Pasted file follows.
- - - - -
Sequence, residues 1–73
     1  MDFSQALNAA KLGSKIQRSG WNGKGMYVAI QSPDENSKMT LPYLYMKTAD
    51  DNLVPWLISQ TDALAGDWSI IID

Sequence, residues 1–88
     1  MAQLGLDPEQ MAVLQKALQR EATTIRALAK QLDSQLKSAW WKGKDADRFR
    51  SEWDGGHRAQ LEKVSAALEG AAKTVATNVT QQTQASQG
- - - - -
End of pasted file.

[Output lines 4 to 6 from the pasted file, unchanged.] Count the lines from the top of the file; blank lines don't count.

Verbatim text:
Sequence, residues 1–88
     1  MAQLGLDPEQ MAVLQKALQR EATTIRALAK QLDSQLKSAW WKGKDADRFR
    51  SEWDGGHRAQ LEKVSAALEG AAKTVATNVT QQTQASQG